audªtºriº: audªtºrium auditorium, hall (used for public readings) colloquuntur: colloquª talk, chat audªtºribus: audªtor listener, (pl.) audience •volvit: •volvere unroll, open compositºs: compºnere compose, make up compl–r•s several

nºn amo t•, Sabidª, nec possum dªcere qu¶r•. hoc tantum possum dªcere – nºn amo t•.

(cum amªcªs susurr¶ns) illºs vers–s nºn intellegº. c–r po•ta dªcere nºn potest qu¶r• 15 Sabidium nºn amet? prªmus amªcus: (susurr¶ns) scªlicet po•ta ipse causam nescit. secundus amªcus: (susurr¶ns) minim•, po•ta optim• scit qu¶r• Sabidium nºn amet: sed tam foeda est causa ut po•ta eam patefacere nºlit. 20 aliª audªtºr•s: st! st! audªtor:

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st! hush!


prªmus amªcus: M¶rti¶lis:

audªtor:

hem! audªtºr•s nºbªs imperant ut tace¶mus. nunc d• Laec¶ni¶ et Th¶ide, f•minªs ‘nºtissimªs’: (audªtºr•s sibi rªdent.) Th¶is habet nigrºs, niveºs Laec¶nia dent•s.* 25 quae ratiº est? . . . (interpell¶ns) . . . •mptºs haec habet, illa suºs!

M¶rti¶lis, vald• ªr¶tus, d• scaen¶ d•scendit ut audªtºrem vituperet.

M¶rti¶lis:

ego po•ta sum, t– tantum audªtor. ego h–c invªt¶tus sum ut recitem, t– ut audi¶s. (subitº audªtºrem agnºscit.) hem! scio quis sªs. 30 t– Pontili¶nus es, quª semper m• rog¶s ut libellºs meºs tibi mittam. at nunc, mª Pontili¶ne, tibi dªcere possum qu¶r• semper mittere rec–sem. (ad scaenam reversus, 35 recit¶tiºnem renovat.) c–r nºn mitto meºs tibi, Pontili¶ne, libellºs? n• mihi t– mitt¶s, Pontili¶ne, tuºs!

Th¶ide ablative of Th¶is

quae?: quª? what? ratiº reason haec … illa this one (Laecania) … that one (Thais)

renovat: renov¶re continue, resume

omn•s praeter Pontili¶num rªdent. Pontili¶nus autem tam ªr¶tus est ut • sell¶ surgat. ad scaenam s• praecipit¶re cºn¶tur ut M¶rti¶lem pulset, 40 sed amªcª eum retinent. *Some noun-and-adjective phrases, in which an adjective is separated by one word or more from the noun which it describes, are shown in bold type.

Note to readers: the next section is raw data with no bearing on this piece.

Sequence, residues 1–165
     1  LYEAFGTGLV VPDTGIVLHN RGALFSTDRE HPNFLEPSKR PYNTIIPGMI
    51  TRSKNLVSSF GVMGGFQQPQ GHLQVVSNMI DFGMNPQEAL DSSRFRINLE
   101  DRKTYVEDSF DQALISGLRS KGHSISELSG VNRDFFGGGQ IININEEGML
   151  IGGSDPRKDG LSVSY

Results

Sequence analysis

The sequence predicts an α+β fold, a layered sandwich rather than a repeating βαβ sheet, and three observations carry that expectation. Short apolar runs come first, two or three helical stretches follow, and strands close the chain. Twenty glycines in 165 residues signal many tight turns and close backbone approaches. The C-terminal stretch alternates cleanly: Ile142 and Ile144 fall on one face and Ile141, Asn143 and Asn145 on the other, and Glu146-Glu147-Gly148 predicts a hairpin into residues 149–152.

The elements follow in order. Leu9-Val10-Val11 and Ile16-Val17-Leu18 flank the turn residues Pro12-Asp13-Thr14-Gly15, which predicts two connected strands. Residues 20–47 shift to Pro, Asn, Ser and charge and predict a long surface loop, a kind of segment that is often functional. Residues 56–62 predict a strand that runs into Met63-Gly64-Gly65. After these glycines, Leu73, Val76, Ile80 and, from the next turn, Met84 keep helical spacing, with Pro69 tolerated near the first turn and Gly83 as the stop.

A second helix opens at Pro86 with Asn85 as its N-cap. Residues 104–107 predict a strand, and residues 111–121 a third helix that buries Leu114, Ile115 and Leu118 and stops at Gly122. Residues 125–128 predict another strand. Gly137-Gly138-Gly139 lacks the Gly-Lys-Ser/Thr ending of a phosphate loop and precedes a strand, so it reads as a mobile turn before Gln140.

STAGE 36 19


II M¶rti¶lis, quª iam –nam hºram recitat, ad fªnem librª appropinquat. M¶rti¶lis:

postr•mº pauca d• prªncipe nostrº, Domiti¶nº Augustº, dªcere velim. aliquºs vers–s n–per d• ill¶ aul¶ ingentª composuª quae in monte Pal¶tªnº stat:

prªncipe: prªnceps emperor 5

monte Pal¶tªnº: mºns Pal¶tªnus the Palatine hill

aethera contingit nova nostrª prªncipis aula; cl¶rius in tºtº sºl videt orbe nihil. haec, Auguste, tamen, quae vertice sªdera pulsat, p¶r domus est caelº sed minor est dominº. pl–rimª audªtºr•s vehementissim• plaudunt; animadvertunt enim Epaphrodªtum, Domiti¶nª lªbertum, in audªtºriº adesse. –nus audªtor tamen, M’. Acªlius Glabriº, t¶lª adul¶tiºne off•nsus, nºn modo plaus– abstinet sed • sell¶ surgit et ex audªtºriº exit. qu¶ aud¶ci¶ attonitus, M¶rti¶lis paulªsper immºtus stat; deinde ad extr•mam scaenam prºc•dit ut plausum excipiat. –nus tamen audªtor excl¶mat: sed quid d• m•, M¶rti¶lis? epigramma d• m• compºnere nunc potes? M¶rti¶lis: d• t•, homuncule? quis es et qu¶lis? audªtor: nºmine Diaulus sum. artem medicªnae n–per exerc•bam … alius audªtor: … at nunc vespillº es!

10

aethera accusative of aeth•r sky, heaven contingit: contingere touch cl¶rius … nihil nothing more splendid orbe: orbis globe, world vertice: vertex top, peak sªdera: sªdus star p¶r equal minor … dominº smaller than its master M’. = M¶nius adul¶tiºne: adul¶tiº flattery abstinet: abstin•re abstain ad extr•mam scaenam to the edge of the stage

15

audªtor:

20

vespillº undertaker

omn•s rªdent; rªdet praesertim M¶rti¶lis. M¶rti¶lis:

bene! nunc epigramma accipe, mª Diaule: n–per erat medicus, nunc est vespillo Diaulus. quod vespillo facit, f•cerat et medicus.